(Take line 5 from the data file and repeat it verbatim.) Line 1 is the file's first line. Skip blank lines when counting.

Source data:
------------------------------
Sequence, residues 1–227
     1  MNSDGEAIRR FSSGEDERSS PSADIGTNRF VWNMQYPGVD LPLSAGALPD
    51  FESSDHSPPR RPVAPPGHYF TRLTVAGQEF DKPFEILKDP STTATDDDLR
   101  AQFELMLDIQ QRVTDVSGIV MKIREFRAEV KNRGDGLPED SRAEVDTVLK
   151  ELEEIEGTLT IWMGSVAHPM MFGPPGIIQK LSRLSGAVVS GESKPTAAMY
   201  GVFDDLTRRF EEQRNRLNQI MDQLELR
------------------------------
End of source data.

   151  ELEEIEGTLT IWMGSVAHPM MFGPPGIIQK LSRLSGAVVS GESKPTAAMY